Winterton Curtis redux

I’ve had a lifelong obsession with an old zoologist at my alma mater, Winterton C. Curtis (1875-1966), who happens to have been my first real landlord: my parents rented rooms in his home soon after my birth, while my Dad was finishing his veterinary degree at Mizzou.

I remember him visiting our family in the years just prior to his death. He pulled dollars from my ear.

Later I’d learn of his historical importance, as one of the expert witnesses not allowed to testify at the infamous 1925 trial of John Scopes in Dayton TN.

Well, during our recent visit to Columbia, MO, Older Daughter and I rode by the place with my old roomie RD (still a Columbia resident).

And that’s what got me hunting for the little offprint of the memoir Dr. Curtis published in the Columbia Missourian in 1957, that belonged to my Dad. Found it yesterday. And, found it again this morning online: “A Damned-Yankee Professor in Little Dixie.” (The house is pictured on p.37.)

And check out the last page, where he talks about how the former university president “admitted publicly” that faculty positions were rotated among “the various Protestant denominations…” What a different world it was, not so long ago.

I’m just intrigued by the single degree of separation between myself and someone who was born in 1875, who began his university teaching career at my old school in 1901, who was in Tennessee literally alongside H.L. Mencken  in 1925, and who used to entertain a little boy who would one day move to Tennessee to philosophize about things like the Scopes Trial.
Somewhere in a box I have my dad’s personal correspondence with Dr. C.  I’ll look for it today.
I’ve also discovered that the Missouri State Historical Society has the Curtis archives, which I’m now eager to inspect and find a way to work into my James fiction project.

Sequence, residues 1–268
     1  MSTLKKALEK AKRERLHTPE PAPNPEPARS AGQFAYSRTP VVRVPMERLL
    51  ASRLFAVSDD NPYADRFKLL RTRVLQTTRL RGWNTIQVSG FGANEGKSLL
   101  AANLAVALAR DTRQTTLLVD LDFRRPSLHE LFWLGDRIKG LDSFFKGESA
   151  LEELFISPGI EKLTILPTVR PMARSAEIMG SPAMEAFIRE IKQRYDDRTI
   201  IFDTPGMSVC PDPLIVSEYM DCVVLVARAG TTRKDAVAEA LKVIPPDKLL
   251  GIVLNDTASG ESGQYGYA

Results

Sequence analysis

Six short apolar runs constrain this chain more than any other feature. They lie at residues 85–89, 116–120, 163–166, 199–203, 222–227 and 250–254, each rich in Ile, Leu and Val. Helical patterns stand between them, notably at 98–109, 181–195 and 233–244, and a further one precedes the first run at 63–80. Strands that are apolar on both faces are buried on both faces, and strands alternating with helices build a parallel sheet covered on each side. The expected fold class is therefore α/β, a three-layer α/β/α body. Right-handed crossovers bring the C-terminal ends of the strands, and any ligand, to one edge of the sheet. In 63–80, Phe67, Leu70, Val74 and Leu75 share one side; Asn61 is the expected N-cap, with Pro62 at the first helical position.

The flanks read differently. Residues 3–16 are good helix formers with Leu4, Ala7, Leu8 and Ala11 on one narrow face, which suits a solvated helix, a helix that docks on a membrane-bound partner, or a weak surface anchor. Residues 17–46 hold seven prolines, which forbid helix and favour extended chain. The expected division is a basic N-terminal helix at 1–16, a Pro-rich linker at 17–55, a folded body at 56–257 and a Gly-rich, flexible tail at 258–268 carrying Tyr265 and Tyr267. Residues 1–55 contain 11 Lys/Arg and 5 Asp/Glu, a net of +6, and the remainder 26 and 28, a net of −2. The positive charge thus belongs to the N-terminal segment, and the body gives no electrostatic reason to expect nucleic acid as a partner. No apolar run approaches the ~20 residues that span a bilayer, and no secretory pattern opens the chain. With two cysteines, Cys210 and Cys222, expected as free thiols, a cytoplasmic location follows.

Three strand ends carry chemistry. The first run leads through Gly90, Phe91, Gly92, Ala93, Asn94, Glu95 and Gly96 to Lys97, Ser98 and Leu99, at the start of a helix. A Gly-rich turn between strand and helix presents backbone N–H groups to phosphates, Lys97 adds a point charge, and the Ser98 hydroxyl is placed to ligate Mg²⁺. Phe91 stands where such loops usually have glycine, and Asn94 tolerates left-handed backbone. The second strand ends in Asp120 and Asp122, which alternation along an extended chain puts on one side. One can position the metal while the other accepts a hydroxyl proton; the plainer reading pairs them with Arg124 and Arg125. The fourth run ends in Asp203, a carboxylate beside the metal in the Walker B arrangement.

I love picking up pieces of the past and aiming them at the future. Stay tuned.


3 Responses to “Winterton Curtis redux”

  1. A. LaVere Williams Says:

    I too am intrigued by the works of Dr. Curtis. My great grandmother worked for him as his maid. When she married my great aunt became his maid and served him until his death. Upn her death I found several poems, books and memoirs he had given to my aunt. I enjoy reading them from time to time. It is so interesting to see the pictures of Columbia during that time.

  2. Karen Dera Says:

    I just stumbled upon this little paper book called A Damned-Yankee Professor in Little Dixie. It was interesting, so I looked up Winterton C Curtis and found out who he was. I decided I would sell it on the Internet and I was researching on how much I could sell if for, I found your blog. maybe you are interested in purchasing it. I live in California and sell books on E-Bay. If so, I will let you know what the going price for it is, as soon as I found out. It is inscribed to a Dr. and Mrs.C. L. Hamm? I can’t quite make out the Last name, but starts with an Ha… Then Says Complement of Winterton C. Curtis. First time I heard of him, so it was interesting to look him up and find out who he was…. I’m a bit of a treasure hunter of sorts. This seams like a little treasure of history…

    • LaVere Williams Says:

      Yes he is a great part of history. I too have this book and have enjoyed reading it. Good luck. I would try the archives at University of MO. if I were you they may be interested,

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